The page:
How Deep Should Raised Garden Beds Be?

5 min read|Last updated at: August 15, 2022
How Deep Should Raised Garden Beds Be | Vego Garden

When deciding on a raised garden bed, one of the major factors is the depth requirements of the raised garden bed. If you’re placing your raised bed on a patio or a terrain where the soil underneath is not conducive to growth, then it is important to grow your plants within the parameters of the bed itself. A raised bed should be able to blend in well with its surroundings as well as adequately support the roots of your plants. The required soil depth depends on the types of plants grown, the soil conditions, and desired aesthetic. Other important considerations include the shape, size, and material chosen for the raised garden bed. Since there are a dazzling array of designs available worldwide, choosing one can be a tough decision to make. 

However, the large variety of patterns available guarantees that there is a match for every type of landscape, budget and style. A raised bed can either be informal or formal, depending on your preference and garden situation. We recommend displaying vegetable gardens in modern, industrial metal beds, which can prove to be an attractive focal point of your garden, and significantly brighten up dull spaces or outdoor dining areas. It is important to keep in mind that the size of the bed should be proportional to the space around it. If you have limited space, it is best to buy modular raised garden kits, which will allow you to customize your beds based on your available space. This article examines the soil depth requirements for various types of yards and plants.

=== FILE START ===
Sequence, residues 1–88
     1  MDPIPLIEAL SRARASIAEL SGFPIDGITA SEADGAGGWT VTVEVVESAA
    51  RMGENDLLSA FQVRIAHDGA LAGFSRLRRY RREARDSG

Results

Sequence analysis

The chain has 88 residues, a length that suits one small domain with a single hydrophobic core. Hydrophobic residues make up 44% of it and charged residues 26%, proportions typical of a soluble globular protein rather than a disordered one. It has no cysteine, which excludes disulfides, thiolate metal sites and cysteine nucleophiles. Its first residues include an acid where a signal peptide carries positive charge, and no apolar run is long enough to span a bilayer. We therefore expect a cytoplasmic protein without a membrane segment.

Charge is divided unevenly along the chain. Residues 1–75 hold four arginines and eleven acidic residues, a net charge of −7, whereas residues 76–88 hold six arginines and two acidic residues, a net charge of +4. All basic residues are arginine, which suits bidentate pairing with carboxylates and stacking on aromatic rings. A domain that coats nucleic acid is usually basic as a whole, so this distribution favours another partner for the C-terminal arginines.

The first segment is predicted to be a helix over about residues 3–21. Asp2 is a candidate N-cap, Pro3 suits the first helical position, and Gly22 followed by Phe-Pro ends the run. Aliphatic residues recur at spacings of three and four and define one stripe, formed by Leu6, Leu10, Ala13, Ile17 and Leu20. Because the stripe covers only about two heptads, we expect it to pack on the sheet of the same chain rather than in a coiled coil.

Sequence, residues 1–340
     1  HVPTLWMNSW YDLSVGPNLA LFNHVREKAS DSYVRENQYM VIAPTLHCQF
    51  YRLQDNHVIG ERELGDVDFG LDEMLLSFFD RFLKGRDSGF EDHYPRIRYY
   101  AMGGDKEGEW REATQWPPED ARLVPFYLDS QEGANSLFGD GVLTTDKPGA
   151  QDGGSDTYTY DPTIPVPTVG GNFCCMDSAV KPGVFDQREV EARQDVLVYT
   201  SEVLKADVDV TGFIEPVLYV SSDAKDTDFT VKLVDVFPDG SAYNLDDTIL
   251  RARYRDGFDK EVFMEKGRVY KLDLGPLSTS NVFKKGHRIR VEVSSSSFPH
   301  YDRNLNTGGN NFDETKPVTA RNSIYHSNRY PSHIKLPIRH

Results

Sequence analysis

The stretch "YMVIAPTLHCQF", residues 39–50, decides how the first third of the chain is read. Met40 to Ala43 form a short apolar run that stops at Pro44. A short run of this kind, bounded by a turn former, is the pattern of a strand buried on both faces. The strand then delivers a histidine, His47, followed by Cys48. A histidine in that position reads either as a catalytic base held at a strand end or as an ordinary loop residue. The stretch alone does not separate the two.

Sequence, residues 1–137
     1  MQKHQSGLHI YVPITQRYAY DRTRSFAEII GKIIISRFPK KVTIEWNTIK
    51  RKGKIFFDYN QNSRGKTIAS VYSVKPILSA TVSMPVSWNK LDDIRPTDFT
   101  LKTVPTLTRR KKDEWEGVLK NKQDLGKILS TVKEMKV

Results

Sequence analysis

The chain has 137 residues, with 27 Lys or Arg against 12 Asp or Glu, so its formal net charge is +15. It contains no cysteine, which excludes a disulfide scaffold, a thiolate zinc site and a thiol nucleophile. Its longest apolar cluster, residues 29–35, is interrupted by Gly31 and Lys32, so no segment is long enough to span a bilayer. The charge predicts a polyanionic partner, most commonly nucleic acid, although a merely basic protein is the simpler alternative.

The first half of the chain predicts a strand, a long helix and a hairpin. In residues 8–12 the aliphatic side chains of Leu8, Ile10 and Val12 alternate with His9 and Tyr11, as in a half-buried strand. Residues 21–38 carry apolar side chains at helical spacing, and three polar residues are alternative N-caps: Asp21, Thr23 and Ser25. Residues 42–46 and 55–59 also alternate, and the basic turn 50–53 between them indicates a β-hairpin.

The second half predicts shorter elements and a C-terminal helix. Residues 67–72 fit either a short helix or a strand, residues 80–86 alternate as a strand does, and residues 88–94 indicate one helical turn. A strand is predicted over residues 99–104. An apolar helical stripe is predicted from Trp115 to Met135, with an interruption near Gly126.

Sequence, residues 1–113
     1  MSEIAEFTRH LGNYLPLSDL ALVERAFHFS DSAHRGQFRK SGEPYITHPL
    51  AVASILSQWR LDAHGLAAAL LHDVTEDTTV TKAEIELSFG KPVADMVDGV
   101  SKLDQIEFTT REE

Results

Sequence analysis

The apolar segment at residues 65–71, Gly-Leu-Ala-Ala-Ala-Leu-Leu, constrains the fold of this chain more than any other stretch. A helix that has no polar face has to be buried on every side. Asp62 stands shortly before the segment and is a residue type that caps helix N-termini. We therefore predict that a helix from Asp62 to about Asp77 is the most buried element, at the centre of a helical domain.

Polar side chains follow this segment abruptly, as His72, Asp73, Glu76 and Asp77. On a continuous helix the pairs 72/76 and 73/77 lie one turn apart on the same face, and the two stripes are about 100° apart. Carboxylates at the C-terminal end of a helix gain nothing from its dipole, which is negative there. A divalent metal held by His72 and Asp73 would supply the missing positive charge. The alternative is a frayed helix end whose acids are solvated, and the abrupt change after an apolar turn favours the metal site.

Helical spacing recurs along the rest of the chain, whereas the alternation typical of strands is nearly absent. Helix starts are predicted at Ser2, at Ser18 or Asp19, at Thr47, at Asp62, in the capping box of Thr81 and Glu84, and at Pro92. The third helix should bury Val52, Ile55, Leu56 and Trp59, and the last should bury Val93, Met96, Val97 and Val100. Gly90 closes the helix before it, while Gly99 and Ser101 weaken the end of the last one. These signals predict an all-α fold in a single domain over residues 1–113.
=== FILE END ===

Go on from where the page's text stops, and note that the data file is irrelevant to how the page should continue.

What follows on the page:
Drainage: Whether it be an irregularly-shaped perennial border garden that sits behind a dry-stone wall, or a metal raised bed in a vegetable garden, one should always consider the depth of the raised bed carefully. A raised bed does not always require a significant depth for it to be effective. They should have at least 8 inches of soil depth to accommodate the root systems of plants, because the majority of plant roots require 6 – 8 inches of soil for healthy root growth. A depth of 8 – 12 inches will suffice for most gardening situations. 

Because of  the excellent drainage properties of raised beds, it is possible to grow an abundance of vegetables in a limited amount of space. In cases where drainage is an issue, or if the plants that you are planning to grow prefer an environment with drier soil, then the depth of your raised garden bed can be taller, which can then be filled up with a porous growing medium.

Material: The material you use for a particular raised bed should be durable, attractive and stable. It is important to consider the material of your garden bed, which determines how well it blends in with the landscape. The sides of the bed lend structural support to the and help contain the soil in a particular space. The sides of raised garden beds can be metal panels, wood, or brick and stone. While it is important to consider the depth of your raised garden beds when browsing for raised garden bed designs, it is also important to consider the material of your garden bed. 

Traditional metal panels, while easy to install, can rust over time, diminishing its attractiveness and usefulness. Wood will rot in as little as one season. Stone and concrete blocks can be expensive to install. Also, many gardeners do not want the hassle of buying raw material and assembling them for a DIY raised garden bed project. We recommend Vego Garden beds for an easy solution. Vego raised garden beds are made of a specialized rust and corrosion resistant metal and lend a clean, modern aesthetic to your garden. Our kits are easy to assemble, and complete with heavy duty rubber edging along the top to ensure a safe and fun experience.